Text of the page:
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LGC Interview: Engagement is for the public, the NHS needs to treat councils as equals

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The handing of control of more than £6bn of health and social care spending to the Greater Manchester Health & Social Care Partnership is perhaps one of the most exciting developments in this area since the formation of the NHS nearly 70 years ago.

The partnership’s chief officer – Jon Rouse – certainly sees it in that context. Although he stresses the partnership’s powers amount to “delegation” rather than devolution, the former council chief executive says its aims are to put right “what we think was wrong from the start in the NHS” and enable “NHS and local democratic decision making to weave together”.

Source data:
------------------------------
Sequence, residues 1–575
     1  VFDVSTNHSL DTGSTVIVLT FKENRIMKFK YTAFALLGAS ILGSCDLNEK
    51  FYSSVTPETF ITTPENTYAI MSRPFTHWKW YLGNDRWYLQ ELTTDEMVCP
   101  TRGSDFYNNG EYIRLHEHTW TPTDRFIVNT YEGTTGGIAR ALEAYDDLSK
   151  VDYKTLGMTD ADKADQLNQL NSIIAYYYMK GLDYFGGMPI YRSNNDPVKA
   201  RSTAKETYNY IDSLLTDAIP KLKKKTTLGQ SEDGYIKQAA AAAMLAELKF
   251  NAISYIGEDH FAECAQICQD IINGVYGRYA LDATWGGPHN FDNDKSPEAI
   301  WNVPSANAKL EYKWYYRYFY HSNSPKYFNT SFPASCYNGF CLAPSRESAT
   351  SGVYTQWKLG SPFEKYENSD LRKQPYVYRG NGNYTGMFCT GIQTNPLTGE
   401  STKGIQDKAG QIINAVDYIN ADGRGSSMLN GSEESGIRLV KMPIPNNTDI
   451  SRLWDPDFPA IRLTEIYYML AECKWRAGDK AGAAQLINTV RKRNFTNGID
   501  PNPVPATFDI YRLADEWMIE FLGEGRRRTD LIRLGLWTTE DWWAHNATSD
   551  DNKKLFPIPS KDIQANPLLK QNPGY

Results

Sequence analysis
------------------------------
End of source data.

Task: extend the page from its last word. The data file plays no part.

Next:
“Because our governance is headed by the politicians - [Wigan MBC] leader Lord Smith (Lab) is the chair of our partnership board - when we engage with the public about change we have already got that in principle commitment and decision from the locally elected leaders,” he says. “That is a very different environment in which to attempt to transformation.”

Having spent nearly three years at the Department of Health as director general for social care before taking up his current role, Mr Rouse has a unique viewpoint on why, despite all the time and energy poured into trying to work more closely together over recent years, the NHS and local government often struggle to see eye to eye.

He says that with the exception of the eight areas forging ahead by creating accountable care systems, “most” of the sustainability and transformation partnerships still have an approach of “‘we are NHS, we must engage local government’”. “That isn’t what we’re doing in Greater Manchester, we’re allowing local government to lead,” he adds.

“It has to be more than engagement. The engagement is with the pubic and the workforce; the relationship with local government should be one of equals.”